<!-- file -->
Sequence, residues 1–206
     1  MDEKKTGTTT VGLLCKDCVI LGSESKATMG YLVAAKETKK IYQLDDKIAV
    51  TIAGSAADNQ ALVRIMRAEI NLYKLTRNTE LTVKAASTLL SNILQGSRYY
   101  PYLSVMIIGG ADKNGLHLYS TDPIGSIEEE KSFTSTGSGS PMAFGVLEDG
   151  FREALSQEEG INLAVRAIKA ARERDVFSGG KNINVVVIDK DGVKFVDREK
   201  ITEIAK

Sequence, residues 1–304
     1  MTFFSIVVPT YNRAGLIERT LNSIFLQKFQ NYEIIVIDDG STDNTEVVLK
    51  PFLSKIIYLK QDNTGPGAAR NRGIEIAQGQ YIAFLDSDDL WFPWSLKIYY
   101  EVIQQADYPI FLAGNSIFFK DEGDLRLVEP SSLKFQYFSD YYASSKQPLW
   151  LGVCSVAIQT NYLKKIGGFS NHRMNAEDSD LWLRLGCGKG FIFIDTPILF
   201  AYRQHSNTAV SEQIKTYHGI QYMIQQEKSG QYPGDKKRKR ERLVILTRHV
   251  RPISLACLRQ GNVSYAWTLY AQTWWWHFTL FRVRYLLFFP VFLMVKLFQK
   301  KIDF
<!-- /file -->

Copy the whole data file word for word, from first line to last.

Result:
Sequence, residues 1–206
     1  MDEKKTGTTT VGLLCKDCVI LGSESKATMG YLVAAKETKK IYQLDDKIAV
    51  TIAGSAADNQ ALVRIMRAEI NLYKLTRNTE LTVKAASTLL SNILQGSRYY
   101  PYLSVMIIGG ADKNGLHLYS TDPIGSIEEE KSFTSTGSGS PMAFGVLEDG
   151  FREALSQEEG INLAVRAIKA ARERDVFSGG KNINVVVIDK DGVKFVDREK
   201  ITEIAK

Sequence, residues 1–304
     1  MTFFSIVVPT YNRAGLIERT LNSIFLQKFQ NYEIIVIDDG STDNTEVVLK
    51  PFLSKIIYLK QDNTGPGAAR NRGIEIAQGQ YIAFLDSDDL WFPWSLKIYY
   101  EVIQQADYPI FLAGNSIFFK DEGDLRLVEP SSLKFQYFSD YYASSKQPLW
   151  LGVCSVAIQT NYLKKIGGFS NHRMNAEDSD LWLRLGCGKG FIFIDTPILF
   201  AYRQHSNTAV SEQIKTYHGI QYMIQQEKSG QYPGDKKRKR ERLVILTRHV
   251  RPISLACLRQ GNVSYAWTLY AQTWWWHFTL FRVRYLLFFP VFLMVKLFQK
   301  KIDF